Privately owned Plurilock Systems in Victoria BC is quietly becoming a key player in the ever-growing anti-cyber attack security space. Recent contracts with the US Department of Homeland Security and Canada’s Department of National Defense will see the company at the forefront of machine-to-machine anomaly detection technologies. Plurilock in the only Canadian company to receive funding from DHS’s Silicon Valley Innovation Program.
“Our behavioral, anomaly detection, and AI capabilities, give us a head start in developing machine-to-machine authentication tools,” says Plurilock CEO Ian Paterson. “We think this technology will become more and more critical as the ‘internet of things’ era matures, so we’re excited to continue to collaborate with the Silicon Valley Innovation Program. Obviously, DHS and SVIP are world-class partners to work with.”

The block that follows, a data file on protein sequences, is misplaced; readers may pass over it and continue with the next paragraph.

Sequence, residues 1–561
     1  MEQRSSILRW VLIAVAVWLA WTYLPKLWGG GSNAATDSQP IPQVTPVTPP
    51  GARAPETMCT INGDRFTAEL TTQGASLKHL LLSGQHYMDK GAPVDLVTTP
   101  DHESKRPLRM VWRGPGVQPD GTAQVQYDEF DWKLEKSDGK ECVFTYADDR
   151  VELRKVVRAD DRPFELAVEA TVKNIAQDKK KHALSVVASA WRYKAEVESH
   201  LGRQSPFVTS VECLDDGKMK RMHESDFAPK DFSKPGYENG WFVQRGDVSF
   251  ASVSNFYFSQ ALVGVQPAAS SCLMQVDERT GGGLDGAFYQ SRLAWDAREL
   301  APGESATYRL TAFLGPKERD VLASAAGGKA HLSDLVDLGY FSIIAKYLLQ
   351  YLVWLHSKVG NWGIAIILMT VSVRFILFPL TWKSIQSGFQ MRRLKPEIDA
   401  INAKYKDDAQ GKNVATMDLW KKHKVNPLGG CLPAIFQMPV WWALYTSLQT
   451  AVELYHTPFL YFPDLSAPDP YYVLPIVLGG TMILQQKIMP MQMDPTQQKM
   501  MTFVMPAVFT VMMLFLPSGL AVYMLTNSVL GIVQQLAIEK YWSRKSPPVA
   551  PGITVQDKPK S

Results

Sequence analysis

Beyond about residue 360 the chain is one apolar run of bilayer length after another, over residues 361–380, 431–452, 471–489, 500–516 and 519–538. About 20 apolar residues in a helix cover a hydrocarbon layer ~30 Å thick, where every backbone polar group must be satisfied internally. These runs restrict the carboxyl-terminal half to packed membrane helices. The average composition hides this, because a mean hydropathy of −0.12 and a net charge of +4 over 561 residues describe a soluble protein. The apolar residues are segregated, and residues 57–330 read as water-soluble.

The Canadian DND contract tasks Plurilock with advancing state-of-the art, real-time cyber-attack detection and advanced persistent threat (APT) prevention.
“It’s hard to overstate the need for real-time threat detection and response in today’s critical systems,” says Paterson. “Plurilock will significantly enhance this capability, and we’re excited to be able to demonstrate our leadership across multiple kinds of security-driven anomaly detection in our work for DND.”
Plurilock began in the research labs of the University of Victoria with breakthroughs in biometric identity verification. This early “behavioral-biometric” science was applied to the movements involved in computer use—mouse and keyboard activity to start—and a new, advanced form authentication for computing systems was born.